GSEs will not count buyer agent commissions as IPCs

Fannie Mae and Freddie Mac will not count buyer’s agent commissions as part of their allowable interested party contributions (IPCs), according to announcements from the government-sponsored enterprises (GSEs) on Monday.

The GSEs noted that this guidance was not an update to their selling guides but a clarification on the treatment of seller-paid real estate agent fees.

Based on the selling guides in use by the GSEs, property sellers are allowed to make financing concessions toward the borrower’s closing costs at a maximum amount of 2% to 9% of the property value. In their guidance issued on Monday, the GSEs note that “fees or costs customarily paid by the property seller according to local convention are not subject to these financing concessions limits.”

“Buyer agent fees have historically been fees customarily paid by the property seller or property seller’s real estate agent, and, as such, they are currently excluded from these financing concession limits,” according to the statement from Freddie Mac.

Moving forward, the GSEs say that if these fees continue to be “customarily paid by the property seller according to local convention, they will not be subject to financing concessions limits.”

These clarifications come after the National Association of Realtors (NAR) reached a nationwide settlement agreement with the plaintiffs in the commission lawsuits. If the settlement is approved by the court, although agents and home sellers will not be able to list offers of compensation on the MLS, home sellers may still offer to cover the buyer’s agent fees if they so choose.

In late March, NAR and the Mortgage Bankers Association (MBA) sent a letter to Federal Housing Finance Agency (FHFA) director Sandra Thompson, Fannie Mae CEO Priscilla Almodovar, Freddie Mac CEO Michael DeVito, and Federal Housing Administration (FHA) Commissioner Julia Gordon asking for the officials to confirm their treatment of IPCs to home purchase transactions.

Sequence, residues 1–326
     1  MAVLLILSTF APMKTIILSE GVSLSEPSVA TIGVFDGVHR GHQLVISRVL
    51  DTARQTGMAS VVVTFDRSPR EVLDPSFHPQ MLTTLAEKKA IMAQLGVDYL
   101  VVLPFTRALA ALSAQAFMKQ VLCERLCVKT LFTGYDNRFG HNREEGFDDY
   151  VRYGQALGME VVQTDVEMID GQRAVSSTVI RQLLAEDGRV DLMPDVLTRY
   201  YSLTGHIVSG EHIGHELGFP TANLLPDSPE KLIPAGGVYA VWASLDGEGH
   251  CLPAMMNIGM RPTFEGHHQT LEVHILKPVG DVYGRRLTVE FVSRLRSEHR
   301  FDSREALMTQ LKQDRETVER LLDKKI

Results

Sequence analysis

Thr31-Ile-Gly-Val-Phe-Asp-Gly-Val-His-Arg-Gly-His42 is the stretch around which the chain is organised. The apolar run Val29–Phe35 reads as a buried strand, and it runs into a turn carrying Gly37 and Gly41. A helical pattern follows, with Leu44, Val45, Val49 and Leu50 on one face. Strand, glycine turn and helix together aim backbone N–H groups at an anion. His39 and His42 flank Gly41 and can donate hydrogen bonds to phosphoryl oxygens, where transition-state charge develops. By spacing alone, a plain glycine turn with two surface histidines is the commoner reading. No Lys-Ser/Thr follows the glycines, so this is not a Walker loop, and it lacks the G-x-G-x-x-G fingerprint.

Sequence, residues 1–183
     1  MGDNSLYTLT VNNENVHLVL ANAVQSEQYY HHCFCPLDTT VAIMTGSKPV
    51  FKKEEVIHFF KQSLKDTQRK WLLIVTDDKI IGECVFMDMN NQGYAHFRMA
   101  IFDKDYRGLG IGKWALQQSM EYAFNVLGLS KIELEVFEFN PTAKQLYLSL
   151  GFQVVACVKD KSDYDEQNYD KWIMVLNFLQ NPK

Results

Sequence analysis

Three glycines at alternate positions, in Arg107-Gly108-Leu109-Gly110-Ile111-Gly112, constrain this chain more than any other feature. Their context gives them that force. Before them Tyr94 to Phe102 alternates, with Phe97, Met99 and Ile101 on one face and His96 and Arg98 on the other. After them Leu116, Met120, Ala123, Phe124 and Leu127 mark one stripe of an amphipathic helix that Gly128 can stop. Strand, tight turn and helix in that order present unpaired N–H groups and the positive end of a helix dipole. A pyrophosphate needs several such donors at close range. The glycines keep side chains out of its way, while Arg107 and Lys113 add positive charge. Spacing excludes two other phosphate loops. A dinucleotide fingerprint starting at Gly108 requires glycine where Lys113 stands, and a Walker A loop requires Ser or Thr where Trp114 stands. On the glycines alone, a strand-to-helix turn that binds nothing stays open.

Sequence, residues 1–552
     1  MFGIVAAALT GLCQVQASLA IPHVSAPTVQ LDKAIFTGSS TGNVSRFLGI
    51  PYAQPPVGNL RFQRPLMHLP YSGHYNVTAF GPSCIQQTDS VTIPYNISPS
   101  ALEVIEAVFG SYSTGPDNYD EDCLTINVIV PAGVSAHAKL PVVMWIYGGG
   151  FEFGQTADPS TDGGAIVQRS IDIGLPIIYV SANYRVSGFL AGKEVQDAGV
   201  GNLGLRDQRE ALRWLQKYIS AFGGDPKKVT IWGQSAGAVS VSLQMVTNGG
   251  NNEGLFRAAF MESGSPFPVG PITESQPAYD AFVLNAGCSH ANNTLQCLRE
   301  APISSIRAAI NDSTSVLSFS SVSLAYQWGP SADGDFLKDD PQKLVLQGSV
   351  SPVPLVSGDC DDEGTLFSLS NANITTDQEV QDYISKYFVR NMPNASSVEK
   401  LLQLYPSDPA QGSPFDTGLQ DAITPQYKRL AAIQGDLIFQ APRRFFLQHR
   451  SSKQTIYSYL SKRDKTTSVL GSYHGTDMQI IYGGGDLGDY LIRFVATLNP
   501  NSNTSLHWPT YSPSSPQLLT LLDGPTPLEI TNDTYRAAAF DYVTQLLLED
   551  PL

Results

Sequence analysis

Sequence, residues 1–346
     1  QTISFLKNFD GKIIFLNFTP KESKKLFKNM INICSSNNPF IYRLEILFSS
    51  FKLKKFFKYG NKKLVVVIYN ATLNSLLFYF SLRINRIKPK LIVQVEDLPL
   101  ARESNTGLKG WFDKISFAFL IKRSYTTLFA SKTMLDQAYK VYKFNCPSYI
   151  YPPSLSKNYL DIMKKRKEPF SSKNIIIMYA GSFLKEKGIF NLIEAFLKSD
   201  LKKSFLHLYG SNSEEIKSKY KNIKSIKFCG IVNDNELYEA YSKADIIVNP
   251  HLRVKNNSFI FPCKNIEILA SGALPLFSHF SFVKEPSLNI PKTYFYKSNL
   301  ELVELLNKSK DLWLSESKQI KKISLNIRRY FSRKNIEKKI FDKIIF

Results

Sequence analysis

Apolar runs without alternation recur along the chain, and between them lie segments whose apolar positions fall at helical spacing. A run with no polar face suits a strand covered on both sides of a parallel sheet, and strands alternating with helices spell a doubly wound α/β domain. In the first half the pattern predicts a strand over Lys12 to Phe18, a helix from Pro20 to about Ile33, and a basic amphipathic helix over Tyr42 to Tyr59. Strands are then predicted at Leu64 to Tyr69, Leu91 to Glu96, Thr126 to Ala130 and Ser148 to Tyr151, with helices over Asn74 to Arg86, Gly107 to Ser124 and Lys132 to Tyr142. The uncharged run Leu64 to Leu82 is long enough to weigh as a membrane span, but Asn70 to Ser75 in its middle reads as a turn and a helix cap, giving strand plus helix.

On a recent episode of NextHome CEO James Dwiggins and chief strategy officer Keith Robinson’s podcast “Real Estate Insiders Unfiltered,” NAR president Kevin Sears announced that he received confirmation from Gordon that, per FHA policy, if sellers continue to pay buyer broker commissions and fees as a manner of state and local laws or customs, and if these expenses are reasonable in amount, the existing policy would not treat those payments as interested party contributions.

NAR has also reached out to the U.S. Department of Veterans Affairs seeking similar guidance on VA loans, but Sears said that letter remains unanswered.

The Community Home Lenders Association (CHLA) expressed support for the GSEs’ announcement.

”CHLA appreciates Fannie Mae’s clarification today that seller payment of buyer realtor commissions will not be counted towards seller concession caps,” a spokesperson wrote in an email. “CHLA wrote Fannie Mae, along with all of the federal mortgage program regulators, in December to ask for exactly this type of action to protect first time homebuyers in the wake of emerging realtor lawsuits which may shift the responsibility to buy a buyer’s broker from the seller to the buyer.”

The American Real Estate Association (AREA), a startup trade organization, also was pleased by Monday’s announcement.

“Today’s statement regarding seller commission compensation was well-received,” wrote Jason Haber, the co-founder of AREA. “Next, we hope Fannie will provide a similar framework for buyers. Will buyer payments for their own professional services count against the IPC cap? That remains an open question at this time.”

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